“All of which is to say that Turley’s argument is obviously weak. A candidate simply hoping to ensure that all avenues were closed — even after months of scrutiny and multiple recounts — would receive information that those avenues had already been demonstrably closed with resignation and acceptance,” Bump concluded. “That was not the way Trump received Raffensperger’s pushback.”
Turley himself even criticized Trump for the phone call when The Post first reported it in 2021.
“Telling Raffensperger to ‘find’ the votes on the Saturday before the certification is breathtaking,” he wrote on Twitter, the platform rebaranding as X, linking to the article. “I am as mystified by the request as I am the logic. Such an opportunistic move to secure the 16 electoral votes would not work to change the outcome.”
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Turley walked back his 2021 comment in a statement to Mediate two weeks ago, arguing that he was misinformed about the conversation because the “transcript presented a sharply different context and meaning.”
“The next day, I gave interviews on those differences and I then ran a column stating that the transcript shows a clear alternative meaning,” he said in the statement. “I later wrote on the errors in The Post account of the calls. To its credit, The Post admitted the errors in its original story. I stated, as I have continued to state, that reasonable people can disagree on that meaning.”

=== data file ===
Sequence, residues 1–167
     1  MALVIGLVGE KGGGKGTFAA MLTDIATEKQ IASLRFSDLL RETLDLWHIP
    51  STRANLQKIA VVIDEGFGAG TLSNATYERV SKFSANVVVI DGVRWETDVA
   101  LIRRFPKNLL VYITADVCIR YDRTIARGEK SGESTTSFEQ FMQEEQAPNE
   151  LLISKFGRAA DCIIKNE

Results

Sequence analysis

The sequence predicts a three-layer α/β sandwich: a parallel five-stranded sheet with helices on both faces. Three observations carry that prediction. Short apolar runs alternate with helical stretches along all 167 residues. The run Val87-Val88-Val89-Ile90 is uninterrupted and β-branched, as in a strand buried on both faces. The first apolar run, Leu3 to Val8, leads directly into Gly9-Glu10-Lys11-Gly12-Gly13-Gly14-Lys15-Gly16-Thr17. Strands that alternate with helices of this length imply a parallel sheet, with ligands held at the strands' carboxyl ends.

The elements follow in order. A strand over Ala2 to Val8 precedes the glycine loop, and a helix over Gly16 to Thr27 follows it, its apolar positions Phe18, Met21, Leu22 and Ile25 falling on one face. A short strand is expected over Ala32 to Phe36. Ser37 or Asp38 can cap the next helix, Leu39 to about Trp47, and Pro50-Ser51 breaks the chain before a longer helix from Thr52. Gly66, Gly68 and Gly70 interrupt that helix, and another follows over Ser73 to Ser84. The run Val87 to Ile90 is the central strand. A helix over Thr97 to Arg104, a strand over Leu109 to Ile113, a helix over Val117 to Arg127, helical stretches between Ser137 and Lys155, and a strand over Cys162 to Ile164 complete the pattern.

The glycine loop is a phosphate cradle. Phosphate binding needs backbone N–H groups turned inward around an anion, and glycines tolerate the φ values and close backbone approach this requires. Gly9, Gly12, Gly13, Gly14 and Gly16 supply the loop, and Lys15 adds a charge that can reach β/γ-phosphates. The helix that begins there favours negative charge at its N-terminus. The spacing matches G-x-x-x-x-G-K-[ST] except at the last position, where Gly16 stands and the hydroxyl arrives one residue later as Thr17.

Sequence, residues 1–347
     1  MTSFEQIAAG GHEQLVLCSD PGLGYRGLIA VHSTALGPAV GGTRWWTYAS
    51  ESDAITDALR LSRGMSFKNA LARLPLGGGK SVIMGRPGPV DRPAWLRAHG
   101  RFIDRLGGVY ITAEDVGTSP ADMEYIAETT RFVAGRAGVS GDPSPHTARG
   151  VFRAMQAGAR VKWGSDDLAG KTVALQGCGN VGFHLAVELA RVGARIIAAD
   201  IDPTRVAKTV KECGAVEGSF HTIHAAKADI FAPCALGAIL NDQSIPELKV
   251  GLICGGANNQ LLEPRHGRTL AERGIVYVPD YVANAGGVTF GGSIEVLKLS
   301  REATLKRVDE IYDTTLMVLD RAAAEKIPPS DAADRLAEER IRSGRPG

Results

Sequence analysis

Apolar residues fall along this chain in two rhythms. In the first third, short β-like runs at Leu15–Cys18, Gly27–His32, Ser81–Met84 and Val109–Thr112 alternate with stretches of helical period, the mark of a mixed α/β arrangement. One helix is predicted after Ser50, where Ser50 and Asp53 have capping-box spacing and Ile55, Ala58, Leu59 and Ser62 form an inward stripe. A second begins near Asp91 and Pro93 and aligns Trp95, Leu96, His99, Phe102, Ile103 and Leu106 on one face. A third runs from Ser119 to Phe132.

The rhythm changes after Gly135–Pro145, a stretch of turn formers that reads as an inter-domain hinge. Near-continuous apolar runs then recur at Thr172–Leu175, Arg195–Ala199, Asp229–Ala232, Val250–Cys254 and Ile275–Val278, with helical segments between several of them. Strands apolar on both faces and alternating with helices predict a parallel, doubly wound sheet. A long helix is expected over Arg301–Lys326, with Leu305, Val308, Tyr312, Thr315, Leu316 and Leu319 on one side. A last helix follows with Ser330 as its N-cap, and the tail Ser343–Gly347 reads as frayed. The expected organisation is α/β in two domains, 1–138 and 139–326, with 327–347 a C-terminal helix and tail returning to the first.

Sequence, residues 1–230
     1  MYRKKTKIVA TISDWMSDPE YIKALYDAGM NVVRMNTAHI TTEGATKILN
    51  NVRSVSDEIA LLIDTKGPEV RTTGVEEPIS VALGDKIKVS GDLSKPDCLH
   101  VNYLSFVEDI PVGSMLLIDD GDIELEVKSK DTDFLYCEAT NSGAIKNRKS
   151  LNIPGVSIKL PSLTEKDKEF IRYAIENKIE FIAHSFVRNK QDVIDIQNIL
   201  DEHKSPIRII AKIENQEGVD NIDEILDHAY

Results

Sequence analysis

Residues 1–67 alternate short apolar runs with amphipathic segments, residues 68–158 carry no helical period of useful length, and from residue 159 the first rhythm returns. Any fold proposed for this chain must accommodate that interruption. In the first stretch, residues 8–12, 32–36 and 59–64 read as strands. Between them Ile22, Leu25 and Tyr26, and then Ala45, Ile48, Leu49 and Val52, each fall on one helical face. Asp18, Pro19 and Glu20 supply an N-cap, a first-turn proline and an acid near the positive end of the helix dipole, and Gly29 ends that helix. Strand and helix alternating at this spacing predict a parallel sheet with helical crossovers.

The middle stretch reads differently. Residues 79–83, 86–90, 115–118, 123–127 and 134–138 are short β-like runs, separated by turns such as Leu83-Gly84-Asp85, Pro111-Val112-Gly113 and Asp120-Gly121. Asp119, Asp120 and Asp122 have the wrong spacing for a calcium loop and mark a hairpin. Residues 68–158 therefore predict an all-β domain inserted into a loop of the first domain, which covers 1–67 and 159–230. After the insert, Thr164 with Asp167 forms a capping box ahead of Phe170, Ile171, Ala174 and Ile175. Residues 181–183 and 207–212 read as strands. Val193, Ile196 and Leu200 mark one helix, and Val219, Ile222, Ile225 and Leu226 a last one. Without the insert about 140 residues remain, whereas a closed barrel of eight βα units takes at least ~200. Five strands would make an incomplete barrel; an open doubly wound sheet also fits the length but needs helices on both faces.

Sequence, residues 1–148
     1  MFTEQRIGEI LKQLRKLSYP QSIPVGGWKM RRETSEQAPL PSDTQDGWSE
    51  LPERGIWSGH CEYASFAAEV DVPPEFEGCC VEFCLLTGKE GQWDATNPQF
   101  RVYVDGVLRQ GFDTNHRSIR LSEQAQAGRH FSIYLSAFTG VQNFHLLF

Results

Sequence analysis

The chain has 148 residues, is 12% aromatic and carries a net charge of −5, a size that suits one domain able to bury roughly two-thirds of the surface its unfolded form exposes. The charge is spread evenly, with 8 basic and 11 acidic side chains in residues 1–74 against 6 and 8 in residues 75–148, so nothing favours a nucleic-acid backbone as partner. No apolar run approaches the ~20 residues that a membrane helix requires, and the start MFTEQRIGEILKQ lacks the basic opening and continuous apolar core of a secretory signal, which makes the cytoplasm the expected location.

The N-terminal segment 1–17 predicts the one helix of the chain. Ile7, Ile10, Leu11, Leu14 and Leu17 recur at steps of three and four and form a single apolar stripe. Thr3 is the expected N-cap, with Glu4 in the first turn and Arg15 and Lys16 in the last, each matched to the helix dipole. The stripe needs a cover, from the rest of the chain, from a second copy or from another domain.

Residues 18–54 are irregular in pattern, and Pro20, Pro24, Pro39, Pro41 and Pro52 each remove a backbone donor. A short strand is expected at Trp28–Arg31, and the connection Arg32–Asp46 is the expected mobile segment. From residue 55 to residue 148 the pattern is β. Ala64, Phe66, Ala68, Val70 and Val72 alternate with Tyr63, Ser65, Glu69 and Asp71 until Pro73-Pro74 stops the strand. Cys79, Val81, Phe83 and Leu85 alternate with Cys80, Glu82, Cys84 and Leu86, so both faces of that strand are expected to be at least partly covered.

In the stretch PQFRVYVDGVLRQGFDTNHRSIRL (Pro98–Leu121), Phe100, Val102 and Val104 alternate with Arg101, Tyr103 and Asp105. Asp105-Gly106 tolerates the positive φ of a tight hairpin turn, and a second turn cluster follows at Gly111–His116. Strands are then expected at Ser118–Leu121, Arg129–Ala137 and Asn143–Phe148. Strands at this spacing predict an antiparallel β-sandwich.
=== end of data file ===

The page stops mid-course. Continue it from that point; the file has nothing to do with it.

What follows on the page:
However, Turley’s account, Bump says, is misleading. While the outlet did correct an article about a different call where Trump attempted to pressure Georgia officials, the article linked in his tweet remained accurate.
“Notice how he conflates the two, describing them as the ‘Post account of the calls’ and suggesting that it was our error that misled him,” Bump said. “In reality, the error was — and continues to be — his own.”
Legal experts called out Turley’s defense on social media.
“I’m not asking every law professor out there to agree with my view. But… would a fourth recount weeks after certification and just a couple of days before Congress convened have changed the election? No. This argument is obscene. Simply because it is devoid of logic and reason,” wrote Georgia State Law Prof. Anthony Michael Kreis.
“There’s just no way if someone understood the basics of what happened in Georgia or cared to look at the timeline of events in at least a superficial way, that the Trump phone call comes off as a casual chat,” he added, pointing out that “One might also want to ask why anyone felt the need to record the phone call if the entire episode was so innocent. It sure seems that folks had reason to be suspicious of Trump’s overtures.”
Longtime Democratic election lawyer Marc Elias called Turley’s defense of Trump “more proof that Jonathan Turley is Mike Lindell with tenure,” referring to the MyPillow founder who continues to espouse election conspiracy theories while facing multiple defamation lawsuits.
“A disgrace to my profession,” wrote Eric Segall, the Ashe Professor of Law at Georgia State University.